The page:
The Bible, the book, is not boring. Inspiration for countless works of both religious and secular bents, its themes of betrayal, faith, and redemption are now requisite in Western storytelling. The Bible, History’s 2013 miniseries, however, was not as fascinating. It suffered from staid acting and lame special effects, but what the show lacked in critical praise, it made up for in viewers—100 million tuned in. Since every hit deserves a sequel, A.D.: The Bible Continues lands on Easter this year picking up a bit before The Bible left off.
Jesus is still alive as A.D. opens and still claiming to be the messiah to very skeptical Romans. Dallas star Juan Pablo Di Pace takes over as Jesus, but carries the same vacant stare as his predecessor, The Bible’s Diogo Morgado. Seriously, Jesus looks high. It doesn’t help that he bears a resemblance to It’s Always Sunny In Philadelphia’s Rob McElhenney, who, to be fair, also often looks high on television.
Depictions of Jesus-era Jerusalem are often criticized for how white they are. A.D. attempts to fix this problem by casting the very capable African actors Babou Alieu Ceesay and Chipo Chung as John and Mary Magdalene. However, Jesus, Peter (Adam Levy), Pilate (Vincent Regan), and almost everyone else is white, which makes for a strange bit of mishmash history. Despite best intentions, it just doesn’t feel right.
A.D. backtracks a bit from where The Bible ended with Pilate condemning Jesus to death, and Peter denying Jesus three times. This all moves very quickly, each beat an iconic Bible tale with many lines lifted directly from the Gospels. A.D. borrows some blood from Game Of Thrones when Jesus is beat and crucified and again when other people are beat and sometimes crucified. It feels artless, as do the awful and unnecessary special effects, which are usually glowing light or big moving clouds. A.D. does not stick with one style which hurts the overall flow of the show. Any realism is betrayed by the cheesy effects and poor direction. The camera moves in strikingly similar patterns and scenes often start with a character’s head leaning against a desk or wall or rock only to pop up as someone walks in. The ingredients are present, but A.D. does itself no favors by its design-by-committee style of filming.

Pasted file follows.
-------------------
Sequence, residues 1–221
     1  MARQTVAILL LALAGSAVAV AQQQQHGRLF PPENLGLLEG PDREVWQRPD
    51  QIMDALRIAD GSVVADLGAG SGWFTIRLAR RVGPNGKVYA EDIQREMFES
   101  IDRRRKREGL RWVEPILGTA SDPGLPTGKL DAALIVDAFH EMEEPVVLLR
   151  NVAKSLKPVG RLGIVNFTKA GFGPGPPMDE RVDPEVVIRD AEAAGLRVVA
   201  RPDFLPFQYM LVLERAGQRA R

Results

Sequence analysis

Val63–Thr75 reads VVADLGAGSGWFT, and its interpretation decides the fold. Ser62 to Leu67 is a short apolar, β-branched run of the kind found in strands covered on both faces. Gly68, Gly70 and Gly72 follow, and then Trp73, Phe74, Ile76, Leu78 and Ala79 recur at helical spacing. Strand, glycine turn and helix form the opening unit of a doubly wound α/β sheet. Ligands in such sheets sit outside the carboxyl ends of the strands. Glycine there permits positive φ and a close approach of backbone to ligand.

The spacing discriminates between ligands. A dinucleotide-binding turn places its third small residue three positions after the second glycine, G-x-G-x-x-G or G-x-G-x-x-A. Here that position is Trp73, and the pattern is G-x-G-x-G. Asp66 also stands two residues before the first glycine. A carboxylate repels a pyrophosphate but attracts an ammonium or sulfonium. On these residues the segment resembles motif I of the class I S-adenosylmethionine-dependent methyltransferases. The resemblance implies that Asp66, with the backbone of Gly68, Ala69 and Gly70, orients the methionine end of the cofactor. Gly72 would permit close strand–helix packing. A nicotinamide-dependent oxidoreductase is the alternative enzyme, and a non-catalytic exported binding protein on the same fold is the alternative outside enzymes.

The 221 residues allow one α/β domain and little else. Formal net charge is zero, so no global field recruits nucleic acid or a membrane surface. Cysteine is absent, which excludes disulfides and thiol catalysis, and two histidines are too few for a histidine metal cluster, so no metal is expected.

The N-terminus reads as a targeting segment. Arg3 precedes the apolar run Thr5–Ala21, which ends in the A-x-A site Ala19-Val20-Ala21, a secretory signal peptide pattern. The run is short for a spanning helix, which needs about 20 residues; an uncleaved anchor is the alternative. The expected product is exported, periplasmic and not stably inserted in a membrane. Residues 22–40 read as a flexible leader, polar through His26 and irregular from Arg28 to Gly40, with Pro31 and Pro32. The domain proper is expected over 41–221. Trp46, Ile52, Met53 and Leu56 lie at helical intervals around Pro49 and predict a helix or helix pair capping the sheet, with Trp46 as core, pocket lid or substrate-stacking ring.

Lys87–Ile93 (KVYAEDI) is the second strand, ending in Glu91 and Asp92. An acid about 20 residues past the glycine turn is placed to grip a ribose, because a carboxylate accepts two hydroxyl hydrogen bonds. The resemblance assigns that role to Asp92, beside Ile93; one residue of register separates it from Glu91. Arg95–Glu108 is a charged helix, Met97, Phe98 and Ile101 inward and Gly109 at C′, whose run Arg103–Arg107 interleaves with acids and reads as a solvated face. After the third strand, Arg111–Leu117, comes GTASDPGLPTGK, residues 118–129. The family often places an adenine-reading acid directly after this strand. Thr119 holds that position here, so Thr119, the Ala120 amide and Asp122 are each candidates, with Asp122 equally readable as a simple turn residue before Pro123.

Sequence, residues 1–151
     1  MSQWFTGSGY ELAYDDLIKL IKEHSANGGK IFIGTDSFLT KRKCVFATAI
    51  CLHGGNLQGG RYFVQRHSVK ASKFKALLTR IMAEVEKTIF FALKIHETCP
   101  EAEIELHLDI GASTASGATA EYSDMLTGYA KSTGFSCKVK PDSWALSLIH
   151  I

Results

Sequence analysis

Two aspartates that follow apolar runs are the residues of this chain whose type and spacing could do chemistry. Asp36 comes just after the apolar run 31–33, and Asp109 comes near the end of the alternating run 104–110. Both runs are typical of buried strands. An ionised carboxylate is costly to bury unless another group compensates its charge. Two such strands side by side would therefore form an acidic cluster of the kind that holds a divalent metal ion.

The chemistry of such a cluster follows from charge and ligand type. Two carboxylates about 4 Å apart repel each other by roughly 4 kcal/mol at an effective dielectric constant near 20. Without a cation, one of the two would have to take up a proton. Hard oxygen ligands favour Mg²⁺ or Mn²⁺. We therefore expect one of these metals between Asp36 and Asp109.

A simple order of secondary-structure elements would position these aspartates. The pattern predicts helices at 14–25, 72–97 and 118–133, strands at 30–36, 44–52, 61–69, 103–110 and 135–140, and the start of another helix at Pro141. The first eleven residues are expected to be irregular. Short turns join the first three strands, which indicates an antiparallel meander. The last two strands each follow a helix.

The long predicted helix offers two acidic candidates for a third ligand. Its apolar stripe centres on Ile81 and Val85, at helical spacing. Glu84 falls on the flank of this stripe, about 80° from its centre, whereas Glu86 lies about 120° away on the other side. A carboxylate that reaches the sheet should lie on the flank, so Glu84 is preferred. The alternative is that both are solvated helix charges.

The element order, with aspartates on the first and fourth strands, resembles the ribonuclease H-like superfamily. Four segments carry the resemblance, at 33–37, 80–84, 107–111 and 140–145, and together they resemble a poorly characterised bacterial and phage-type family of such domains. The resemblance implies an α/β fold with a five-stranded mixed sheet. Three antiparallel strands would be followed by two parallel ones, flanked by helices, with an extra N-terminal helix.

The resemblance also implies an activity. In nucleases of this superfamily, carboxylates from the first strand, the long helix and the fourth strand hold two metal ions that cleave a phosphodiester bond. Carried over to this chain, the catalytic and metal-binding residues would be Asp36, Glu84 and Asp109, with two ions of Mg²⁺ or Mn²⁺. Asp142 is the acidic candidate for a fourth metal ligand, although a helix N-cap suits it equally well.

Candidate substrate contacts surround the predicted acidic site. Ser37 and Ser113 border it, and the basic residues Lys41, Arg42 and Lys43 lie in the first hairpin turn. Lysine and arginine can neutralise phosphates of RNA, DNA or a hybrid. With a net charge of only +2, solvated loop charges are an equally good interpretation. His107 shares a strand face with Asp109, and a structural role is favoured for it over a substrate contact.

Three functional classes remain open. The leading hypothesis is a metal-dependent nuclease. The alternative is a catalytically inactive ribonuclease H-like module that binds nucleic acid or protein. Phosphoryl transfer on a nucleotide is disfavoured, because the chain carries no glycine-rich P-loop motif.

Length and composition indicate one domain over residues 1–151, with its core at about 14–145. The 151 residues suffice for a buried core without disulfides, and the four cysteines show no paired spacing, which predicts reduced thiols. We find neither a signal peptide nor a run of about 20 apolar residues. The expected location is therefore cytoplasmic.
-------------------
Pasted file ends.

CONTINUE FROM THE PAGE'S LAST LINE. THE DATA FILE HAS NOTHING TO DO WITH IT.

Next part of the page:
The miniseries focuses on the disciples who band together after Jesus rises on the third day following his death. Much tension and drama is put into the will-he/won’t-he resurrection of Jesus, but, no spoiler alert needed, the audience absolutely knows what is going to happen. All of the characters’ reactions are around this one event, and it is difficult to glean any differences between them, save Peter, who is sad for denying Jesus, and Thomas (Jóhannes Haukur Jóhannesson), who does not believe that Jesus is back until about 60 seconds later when Jesus is standing there in the living room, wounds and all. There are few interactions outside of those driving the plot along, which does not allow for anything but the faintest of characterization.
However, the plot does move, more so than the The Bible’s did, and despite A.D.’s best intentions to trip itself up, it manages to stay interesting especially after the disciples make their way out of Jerusalem. It is nice to see more than lip-service played to female characters, Mary Magdalene especially seems to have an outsized role. And though Peter is the de facto leader, it seems all disciples will get their due in a Lost-like fashion. There is inherent drama here, but it is not fully exploited.
A.D.: The Bible Continues makes odd, sometimes debilitating choices (“What is it about this Jesus?” is an actual line) that prevents it from being a cheesy but compelling take on a well-told story. Instead, while there are components that work, especially the choice to focus on the disciple’s adventures, A.D. fails to live up to its monumental source material.